"At VideoLAN we’re really fed up with all those websites/companies that are tricking our users to download malware and violate our IP by distributing misleading versions of VLC without conforming to the GPL license," Fauvet said.
"What bothers us the most is that many of them are bundling VLC with various crapware to monetize it in ways that mislead our users by thinking they’re downloading an original version. This is not acceptable," he added.
Fauvet named-and-shamed at least 25 companies that were guilty of bundling spyware and adware programs with the highly rated open-source media player.
"The result is a poor product that doesn’t work as intended, that can’t be uninstalled and that clearly abuses its users and their privacy. Not to mention that it also discredits our work as volunteers and that it’s time-consuming, time that is not invested in the development," he argued.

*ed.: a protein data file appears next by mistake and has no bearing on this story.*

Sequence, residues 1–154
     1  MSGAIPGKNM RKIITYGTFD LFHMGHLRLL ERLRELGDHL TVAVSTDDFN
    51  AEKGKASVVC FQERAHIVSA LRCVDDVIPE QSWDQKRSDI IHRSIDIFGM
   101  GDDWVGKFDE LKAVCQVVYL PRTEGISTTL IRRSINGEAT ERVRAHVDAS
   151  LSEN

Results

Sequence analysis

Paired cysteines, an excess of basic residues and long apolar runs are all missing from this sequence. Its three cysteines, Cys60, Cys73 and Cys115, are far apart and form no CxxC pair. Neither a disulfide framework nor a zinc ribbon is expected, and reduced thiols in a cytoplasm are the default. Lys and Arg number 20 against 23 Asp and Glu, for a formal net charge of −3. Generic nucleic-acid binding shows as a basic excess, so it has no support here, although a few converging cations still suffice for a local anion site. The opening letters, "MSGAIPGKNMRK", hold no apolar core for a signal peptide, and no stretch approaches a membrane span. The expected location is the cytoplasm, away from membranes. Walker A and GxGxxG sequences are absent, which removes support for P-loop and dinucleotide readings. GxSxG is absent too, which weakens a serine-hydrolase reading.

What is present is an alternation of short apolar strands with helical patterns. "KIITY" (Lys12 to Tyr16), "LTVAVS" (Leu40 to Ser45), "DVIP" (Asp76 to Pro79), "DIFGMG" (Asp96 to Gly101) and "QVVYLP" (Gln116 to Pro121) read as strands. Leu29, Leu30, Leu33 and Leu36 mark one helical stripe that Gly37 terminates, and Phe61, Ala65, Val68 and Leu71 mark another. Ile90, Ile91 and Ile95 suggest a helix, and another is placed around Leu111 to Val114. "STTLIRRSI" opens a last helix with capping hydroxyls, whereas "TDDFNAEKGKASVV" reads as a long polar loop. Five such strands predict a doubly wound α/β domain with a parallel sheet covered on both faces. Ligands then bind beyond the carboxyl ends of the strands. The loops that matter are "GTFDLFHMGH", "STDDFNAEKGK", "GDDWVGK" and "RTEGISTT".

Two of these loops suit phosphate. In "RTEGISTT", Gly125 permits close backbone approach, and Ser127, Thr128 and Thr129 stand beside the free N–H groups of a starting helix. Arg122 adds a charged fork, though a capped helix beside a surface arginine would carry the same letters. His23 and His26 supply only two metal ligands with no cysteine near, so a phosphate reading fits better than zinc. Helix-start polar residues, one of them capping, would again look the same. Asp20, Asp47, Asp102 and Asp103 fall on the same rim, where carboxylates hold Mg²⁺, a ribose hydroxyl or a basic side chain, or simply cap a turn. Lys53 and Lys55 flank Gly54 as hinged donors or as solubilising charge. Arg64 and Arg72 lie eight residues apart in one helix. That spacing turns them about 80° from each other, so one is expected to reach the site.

Fauvet called on users to always download the VLC media player from the project's official website.
Separately, VideoLAN shipped a patch for a pair of "highly critical" security holes that expose users to computer hijack.
- An integer overflow error when parsing a RealAudio data block within RealMedia (RM) files can be exploited to cause a heap-based buffer overflow.
- An integer underflow error when parsing the "strf" chunk within AVI files can be exploited to cause a heap-based buffer overflow.
Successful exploitation of the vulnerabilities allows execution of arbitrary code, Secunia said in an advisory.
The vulnerabilities are confirmed in version 1.1.10. Prior versions may also be affected.